Girard Desargues (French: [dezaʁɡ]; 21 February 1591 – September 1661) was a French mathematician and engineer, who is considered one of the founders of projective geometry. Desargues' theorem, the Desargues graph, and the crater Desargues on the Moon are named in his honour.
Born in Lyon, Desargues came from a family devoted to service to the French crown. His father was a royal notary, an investigating commissioner of the Seneschal's court in Lyon (1574), the collector of the tithes on ecclesiastical revenues for the city of Lyon (1583) and for the diocese of Lyon.
As an architect, Desargues planned several private and public buildings in Paris and Lyon. As an engineer, he designed a system for raising water that he installed near Paris. It was based on the use of the epicycloidal wheel, the principle of which was unrecognized at the time.
His research on perspective and geometrical projections can be seen as a culmination of centuries of scientific inquiry across the classical epoch in optics that stretched from al-Hasan Ibn al-Haytham (Alhazen) to Johannes Kepler, and going beyond a mere synthesis of these traditions with Renaissance perspective theories and practices.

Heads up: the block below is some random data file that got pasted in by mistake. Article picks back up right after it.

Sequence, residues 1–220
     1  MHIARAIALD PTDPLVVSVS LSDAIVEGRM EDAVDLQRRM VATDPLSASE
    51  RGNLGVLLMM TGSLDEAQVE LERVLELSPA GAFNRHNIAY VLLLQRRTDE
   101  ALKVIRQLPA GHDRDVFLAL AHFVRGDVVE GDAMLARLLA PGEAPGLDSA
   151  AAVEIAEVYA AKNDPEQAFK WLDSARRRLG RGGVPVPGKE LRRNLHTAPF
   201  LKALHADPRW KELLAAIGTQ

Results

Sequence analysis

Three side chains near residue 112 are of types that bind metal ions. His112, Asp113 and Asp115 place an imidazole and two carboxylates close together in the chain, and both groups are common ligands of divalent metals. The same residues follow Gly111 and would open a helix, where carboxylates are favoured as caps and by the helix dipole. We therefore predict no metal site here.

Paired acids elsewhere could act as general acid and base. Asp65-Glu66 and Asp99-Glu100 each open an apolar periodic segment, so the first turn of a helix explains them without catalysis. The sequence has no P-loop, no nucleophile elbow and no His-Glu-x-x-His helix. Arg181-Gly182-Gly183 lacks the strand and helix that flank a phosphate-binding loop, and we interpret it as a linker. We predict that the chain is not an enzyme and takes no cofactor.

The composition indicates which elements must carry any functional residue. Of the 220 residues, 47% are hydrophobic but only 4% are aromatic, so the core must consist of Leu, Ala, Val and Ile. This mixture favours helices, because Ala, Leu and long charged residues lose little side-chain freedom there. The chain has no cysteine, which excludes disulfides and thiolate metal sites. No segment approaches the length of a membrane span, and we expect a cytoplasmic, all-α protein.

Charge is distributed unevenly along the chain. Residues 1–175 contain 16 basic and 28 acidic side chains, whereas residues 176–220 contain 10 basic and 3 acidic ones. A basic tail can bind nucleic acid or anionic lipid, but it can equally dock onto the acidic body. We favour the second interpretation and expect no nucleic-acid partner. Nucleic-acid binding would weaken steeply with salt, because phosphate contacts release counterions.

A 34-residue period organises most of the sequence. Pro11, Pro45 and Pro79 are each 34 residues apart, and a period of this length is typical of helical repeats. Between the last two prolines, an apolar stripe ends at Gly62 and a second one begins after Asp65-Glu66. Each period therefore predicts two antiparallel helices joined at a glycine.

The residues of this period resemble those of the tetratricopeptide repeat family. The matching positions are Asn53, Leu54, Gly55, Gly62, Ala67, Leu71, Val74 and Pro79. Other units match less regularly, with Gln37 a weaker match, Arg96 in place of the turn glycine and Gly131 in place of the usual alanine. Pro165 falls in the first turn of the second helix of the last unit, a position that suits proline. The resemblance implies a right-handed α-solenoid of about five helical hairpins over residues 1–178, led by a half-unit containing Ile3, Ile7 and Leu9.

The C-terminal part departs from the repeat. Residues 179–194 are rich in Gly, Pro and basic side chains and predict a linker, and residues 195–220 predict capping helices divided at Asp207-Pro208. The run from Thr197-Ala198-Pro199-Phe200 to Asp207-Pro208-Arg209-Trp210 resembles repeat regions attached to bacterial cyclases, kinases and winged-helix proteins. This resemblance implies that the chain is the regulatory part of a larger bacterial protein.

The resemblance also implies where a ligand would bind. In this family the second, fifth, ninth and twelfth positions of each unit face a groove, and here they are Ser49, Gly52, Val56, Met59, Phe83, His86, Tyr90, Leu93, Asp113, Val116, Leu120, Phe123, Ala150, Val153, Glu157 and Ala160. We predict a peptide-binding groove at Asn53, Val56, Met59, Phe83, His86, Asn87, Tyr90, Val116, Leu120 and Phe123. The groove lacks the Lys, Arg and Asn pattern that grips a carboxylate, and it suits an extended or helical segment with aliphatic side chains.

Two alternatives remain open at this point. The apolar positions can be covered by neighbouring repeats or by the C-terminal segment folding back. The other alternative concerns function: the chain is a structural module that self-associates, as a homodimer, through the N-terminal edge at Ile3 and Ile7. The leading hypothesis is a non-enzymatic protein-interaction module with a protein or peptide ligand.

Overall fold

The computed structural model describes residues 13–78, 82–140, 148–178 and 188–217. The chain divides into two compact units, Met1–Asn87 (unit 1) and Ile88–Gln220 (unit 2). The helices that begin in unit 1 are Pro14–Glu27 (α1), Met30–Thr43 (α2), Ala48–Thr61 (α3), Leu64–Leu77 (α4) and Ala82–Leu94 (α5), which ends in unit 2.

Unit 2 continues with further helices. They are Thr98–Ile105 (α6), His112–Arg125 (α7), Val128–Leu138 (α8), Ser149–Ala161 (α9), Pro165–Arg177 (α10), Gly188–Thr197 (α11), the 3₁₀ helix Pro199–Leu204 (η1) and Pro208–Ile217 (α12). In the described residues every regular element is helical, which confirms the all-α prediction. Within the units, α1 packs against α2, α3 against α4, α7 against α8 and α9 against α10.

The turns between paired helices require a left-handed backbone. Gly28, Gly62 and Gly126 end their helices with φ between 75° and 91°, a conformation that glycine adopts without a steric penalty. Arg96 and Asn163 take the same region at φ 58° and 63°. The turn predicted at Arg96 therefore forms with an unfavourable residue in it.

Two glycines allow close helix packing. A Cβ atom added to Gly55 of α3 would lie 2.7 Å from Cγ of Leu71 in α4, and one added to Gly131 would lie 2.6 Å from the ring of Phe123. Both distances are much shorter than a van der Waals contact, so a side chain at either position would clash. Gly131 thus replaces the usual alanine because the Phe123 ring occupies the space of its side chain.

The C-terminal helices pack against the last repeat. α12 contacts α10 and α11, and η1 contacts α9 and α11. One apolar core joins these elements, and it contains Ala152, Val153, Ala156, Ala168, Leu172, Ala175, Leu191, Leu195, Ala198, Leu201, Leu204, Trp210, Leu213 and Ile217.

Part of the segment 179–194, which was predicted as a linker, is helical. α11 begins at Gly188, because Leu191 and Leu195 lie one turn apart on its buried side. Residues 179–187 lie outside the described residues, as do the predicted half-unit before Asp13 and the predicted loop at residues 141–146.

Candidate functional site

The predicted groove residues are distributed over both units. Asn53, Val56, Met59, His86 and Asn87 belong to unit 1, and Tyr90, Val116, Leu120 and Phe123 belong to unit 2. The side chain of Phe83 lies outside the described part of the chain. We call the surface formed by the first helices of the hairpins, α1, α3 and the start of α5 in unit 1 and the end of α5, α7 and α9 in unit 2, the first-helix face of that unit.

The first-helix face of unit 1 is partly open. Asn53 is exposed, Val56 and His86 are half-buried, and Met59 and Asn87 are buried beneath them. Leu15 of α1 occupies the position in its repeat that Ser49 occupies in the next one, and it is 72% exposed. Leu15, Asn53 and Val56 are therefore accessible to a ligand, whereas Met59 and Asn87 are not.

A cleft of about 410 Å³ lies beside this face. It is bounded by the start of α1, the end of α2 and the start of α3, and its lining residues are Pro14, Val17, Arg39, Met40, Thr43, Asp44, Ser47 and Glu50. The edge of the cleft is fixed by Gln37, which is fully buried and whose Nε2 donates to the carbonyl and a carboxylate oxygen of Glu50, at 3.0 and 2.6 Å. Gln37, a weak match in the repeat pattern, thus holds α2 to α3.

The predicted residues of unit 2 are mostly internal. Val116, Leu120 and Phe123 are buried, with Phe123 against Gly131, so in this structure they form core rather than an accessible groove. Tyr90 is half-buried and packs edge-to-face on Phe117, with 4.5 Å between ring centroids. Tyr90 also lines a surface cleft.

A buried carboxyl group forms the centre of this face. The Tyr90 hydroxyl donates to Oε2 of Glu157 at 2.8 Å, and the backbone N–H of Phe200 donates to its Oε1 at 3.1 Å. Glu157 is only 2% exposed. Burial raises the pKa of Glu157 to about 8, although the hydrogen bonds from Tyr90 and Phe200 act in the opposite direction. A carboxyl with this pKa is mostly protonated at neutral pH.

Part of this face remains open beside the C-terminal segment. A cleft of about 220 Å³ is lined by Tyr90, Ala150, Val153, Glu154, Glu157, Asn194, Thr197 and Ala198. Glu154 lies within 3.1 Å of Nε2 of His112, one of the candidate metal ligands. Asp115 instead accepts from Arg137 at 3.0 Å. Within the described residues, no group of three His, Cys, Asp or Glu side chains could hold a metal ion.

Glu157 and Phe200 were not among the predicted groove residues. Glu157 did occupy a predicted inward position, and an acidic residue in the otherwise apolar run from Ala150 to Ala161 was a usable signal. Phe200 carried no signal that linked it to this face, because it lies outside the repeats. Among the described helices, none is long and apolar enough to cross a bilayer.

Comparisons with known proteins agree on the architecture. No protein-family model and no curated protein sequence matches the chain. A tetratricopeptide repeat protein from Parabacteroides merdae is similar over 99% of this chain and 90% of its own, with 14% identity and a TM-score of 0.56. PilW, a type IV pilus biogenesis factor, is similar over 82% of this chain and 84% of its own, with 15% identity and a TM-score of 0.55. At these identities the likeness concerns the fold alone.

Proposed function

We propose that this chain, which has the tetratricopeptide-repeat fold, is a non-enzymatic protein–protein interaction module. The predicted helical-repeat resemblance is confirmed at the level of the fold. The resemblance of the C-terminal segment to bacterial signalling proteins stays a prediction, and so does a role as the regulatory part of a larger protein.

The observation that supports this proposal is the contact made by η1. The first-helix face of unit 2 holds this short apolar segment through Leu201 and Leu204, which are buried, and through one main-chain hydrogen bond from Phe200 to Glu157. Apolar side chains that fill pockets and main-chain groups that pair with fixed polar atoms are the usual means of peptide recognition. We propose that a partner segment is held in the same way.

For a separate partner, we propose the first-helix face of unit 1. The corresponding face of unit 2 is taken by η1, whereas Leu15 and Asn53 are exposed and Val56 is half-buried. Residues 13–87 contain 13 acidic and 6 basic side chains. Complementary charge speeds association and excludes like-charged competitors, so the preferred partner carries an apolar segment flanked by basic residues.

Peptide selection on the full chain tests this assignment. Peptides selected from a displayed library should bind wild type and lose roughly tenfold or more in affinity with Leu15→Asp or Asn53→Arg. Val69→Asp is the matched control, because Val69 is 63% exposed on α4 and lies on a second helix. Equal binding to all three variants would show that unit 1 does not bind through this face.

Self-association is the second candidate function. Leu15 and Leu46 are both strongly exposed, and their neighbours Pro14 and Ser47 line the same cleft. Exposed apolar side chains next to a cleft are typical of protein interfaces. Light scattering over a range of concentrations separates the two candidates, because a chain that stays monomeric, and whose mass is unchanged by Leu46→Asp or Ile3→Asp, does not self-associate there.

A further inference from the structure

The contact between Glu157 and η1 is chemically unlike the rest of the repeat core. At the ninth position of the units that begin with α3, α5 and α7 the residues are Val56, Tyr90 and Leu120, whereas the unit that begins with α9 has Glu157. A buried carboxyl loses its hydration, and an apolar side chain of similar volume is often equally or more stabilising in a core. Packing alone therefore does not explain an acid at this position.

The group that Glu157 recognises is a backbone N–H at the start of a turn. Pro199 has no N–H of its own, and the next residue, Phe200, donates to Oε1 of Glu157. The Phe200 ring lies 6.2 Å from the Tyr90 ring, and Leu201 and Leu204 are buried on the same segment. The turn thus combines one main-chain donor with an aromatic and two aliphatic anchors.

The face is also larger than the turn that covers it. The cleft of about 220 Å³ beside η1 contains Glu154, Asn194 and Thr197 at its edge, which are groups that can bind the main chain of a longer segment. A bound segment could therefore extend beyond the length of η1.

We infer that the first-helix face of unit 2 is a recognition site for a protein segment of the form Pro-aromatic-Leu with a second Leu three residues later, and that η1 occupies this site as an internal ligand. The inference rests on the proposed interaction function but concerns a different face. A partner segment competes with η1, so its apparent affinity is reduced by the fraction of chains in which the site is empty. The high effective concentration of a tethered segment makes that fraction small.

His work was rediscovered and republished in 1864. A collection of his works was published in 1951, and the 1864 compilation remains in print. One notable work, often cited by others in mathematics, is "Rough draft for an essay on the results of taking plane sections of a cone" (1639).
Late in his life, Desargues published a paper with the cryptic title of DALG. The most common theory about what this stands for is Des Argues, Lyonnais, Géometre (proposed by Henri Brocard).
He died in Lyon.
|Wikiquote has quotations related to Girard Desargues.|